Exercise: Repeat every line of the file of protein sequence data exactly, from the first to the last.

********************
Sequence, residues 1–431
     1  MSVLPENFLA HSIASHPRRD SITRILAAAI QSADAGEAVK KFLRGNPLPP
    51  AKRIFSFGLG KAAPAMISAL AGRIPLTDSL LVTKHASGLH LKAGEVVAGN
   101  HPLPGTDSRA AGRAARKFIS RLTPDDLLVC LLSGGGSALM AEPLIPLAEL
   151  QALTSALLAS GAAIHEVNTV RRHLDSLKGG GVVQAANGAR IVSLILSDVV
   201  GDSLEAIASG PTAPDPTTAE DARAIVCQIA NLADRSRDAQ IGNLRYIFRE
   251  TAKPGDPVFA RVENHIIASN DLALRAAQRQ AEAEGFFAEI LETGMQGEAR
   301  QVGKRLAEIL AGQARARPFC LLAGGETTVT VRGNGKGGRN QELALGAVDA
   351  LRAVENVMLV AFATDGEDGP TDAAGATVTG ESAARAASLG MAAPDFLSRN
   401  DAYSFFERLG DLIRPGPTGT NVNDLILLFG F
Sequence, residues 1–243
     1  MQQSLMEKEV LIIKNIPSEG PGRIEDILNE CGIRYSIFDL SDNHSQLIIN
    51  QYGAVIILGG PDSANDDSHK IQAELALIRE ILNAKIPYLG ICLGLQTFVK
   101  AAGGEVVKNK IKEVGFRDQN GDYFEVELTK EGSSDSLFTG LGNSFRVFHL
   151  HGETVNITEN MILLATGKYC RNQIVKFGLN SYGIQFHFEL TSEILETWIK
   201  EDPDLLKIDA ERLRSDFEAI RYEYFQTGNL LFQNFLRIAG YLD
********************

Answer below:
Sequence, residues 1–431
     1  MSVLPENFLA HSIASHPRRD SITRILAAAI QSADAGEAVK KFLRGNPLPP
    51  AKRIFSFGLG KAAPAMISAL AGRIPLTDSL LVTKHASGLH LKAGEVVAGN
   101  HPLPGTDSRA AGRAARKFIS RLTPDDLLVC LLSGGGSALM AEPLIPLAEL
   151  QALTSALLAS GAAIHEVNTV RRHLDSLKGG GVVQAANGAR IVSLILSDVV
   201  GDSLEAIASG PTAPDPTTAE DARAIVCQIA NLADRSRDAQ IGNLRYIFRE
   251  TAKPGDPVFA RVENHIIASN DLALRAAQRQ AEAEGFFAEI LETGMQGEAR
   301  QVGKRLAEIL AGQARARPFC LLAGGETTVT VRGNGKGGRN QELALGAVDA
   351  LRAVENVMLV AFATDGEDGP TDAAGATVTG ESAARAASLG MAAPDFLSRN
   401  DAYSFFERLG DLIRPGPTGT NVNDLILLFG F
Sequence, residues 1–243
     1  MQQSLMEKEV LIIKNIPSEG PGRIEDILNE CGIRYSIFDL SDNHSQLIIN
    51  QYGAVIILGG PDSANDDSHK IQAELALIRE ILNAKIPYLG ICLGLQTFVK
   101  AAGGEVVKNK IKEVGFRDQN GDYFEVELTK EGSSDSLFTG LGNSFRVFHL
   151  HGETVNITEN MILLATGKYC RNQIVKFGLN SYGIQFHFEL TSEILETWIK
   201  EDPDLLKIDA ERLRSDFEAI RYEYFQTGNL LFQNFLRIAG YLD